New Video – YERTpod10: Seeding is Believing in Vermont

Dear YERTians,

The only things more pervasive than uplifting environmental stories in Vermont were the Subarus. Everybody we met seemed connected to everything…

…to the land
…to the food
…to each other
…to a Subaru
…even to a peaceful kind of inner wisdom.

Just click here or the picture below to watch "YERTpod10: Seeding is Believing in Vermont"

Somehow Vermont was unique, and delightfully so, but why? As we explored these connections in conversations with all stripes of Vermonters, including Mayor Bob Kiss of Burlington, we repeatedly encountered the concept of a “land trust

Wikipedia helped us understand that “A community or conservation land trust is an organization established to hold land and to administer use of the land according to the charter of the organization.” We’re still learning about what all that means, but it seems that land trusts can help local communities increase their control over the way their land is used. If the words confuse you, try this imagery instead: A large, pristine, flowering meadow on what appears to be extremely valuable real estate next to a highway. Completely undeveloped. Simply a beautiful view. And it makes all the difference in the world. It makes us love Vermont.

We had difficulty boiling down our Vermont experience into a tiny little video, so we’re asking you, our viewers, to tell us what additional footage you’d like to see in one or more longer videos. Our editing time is painfully limited, so please vote in the poll below on the following options…

  1. Kit Perkins, Executive Director of the Intervale Center. This unique institution acts as a farming incubator, and their stated mission is “To develop farm-and land-based enterprises that generate economic and social opportunity while protecting natural resources.”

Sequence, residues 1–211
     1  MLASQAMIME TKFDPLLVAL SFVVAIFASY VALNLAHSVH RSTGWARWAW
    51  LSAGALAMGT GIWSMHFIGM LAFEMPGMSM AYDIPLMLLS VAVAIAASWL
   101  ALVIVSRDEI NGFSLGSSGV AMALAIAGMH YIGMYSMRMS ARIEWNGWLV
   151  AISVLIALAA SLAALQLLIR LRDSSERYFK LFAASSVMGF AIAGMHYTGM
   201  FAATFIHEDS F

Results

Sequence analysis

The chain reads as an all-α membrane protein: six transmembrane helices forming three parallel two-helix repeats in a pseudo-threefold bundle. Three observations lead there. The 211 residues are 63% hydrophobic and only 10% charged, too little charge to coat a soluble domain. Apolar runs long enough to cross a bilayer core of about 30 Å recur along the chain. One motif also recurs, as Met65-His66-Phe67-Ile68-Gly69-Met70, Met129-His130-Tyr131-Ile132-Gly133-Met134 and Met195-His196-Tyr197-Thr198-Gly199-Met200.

2. Guided tour of the McNeil Generating Station, a power plant fueled by wood chips from sustainably-harvested forests. John Irving, McNeil’s Plant Manager, gave us a personalized tour of every nook and cranny in this facility, not to mention a candid assessment of the pros and cons of wood-fired power generation.
  3. Gil Livingston, President of the Vermont Land Trust (VLT), helped us get our heads around the concept of a land trust and its benefits to folks (and critters) in Vermont.
  4. Dan Bradley, Transportation Planner for the City of Burlington, gave us a ride in the city’s experimental hydrogen-powered Prius while discussing the challenges and opportunities of hydrogen-based transportation.
  5. Bob Ferris, Executive Director of the Yestermorrow Design/Build School. This creative institution gives designers, architects, and hobbyists an opportunity to hone their eco-building skills.
  6. Phil Rice and Daniella Malin, from the Sustainability Institute in Hartland, Vermont, showed us around the Cobb Hill intentional community and introduced us to some award-winning cheese cows, not to mention the innovative systems-based approach they bring to environmental sustainability research.
  7. Mayor Bob Kiss of Burlington helped us connect to many of the various “dots” in our Vermont eco-exploration. Mild mannered, friendly, and full of common sense, it was refreshing to speak to such an interesting and interested community leader.

With Love for Vermont, and All Y’all,

Julie, Mark, and Ben (Your YERT Team)

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P.S. And now for Breadcrumbs! If you want to learn more about the topics in this video, check out these resources:

  • By at least one Canadian measure, Burlington VT is the "Greenest City in the U.S.A." This article in the Toronto Star also names Mayor Bob Kiss America’s greenest mayor. We’re absolutely un-stunned by this result, but the article is a fun read from a foreign perspective. (Country Home magazine also names Burlington the "Best Green City in America" in 2007.)
  • It seems that the Vermonter way of life is good for citizen health. This survey found Vermont to be the "Healthiest State" in 2007.

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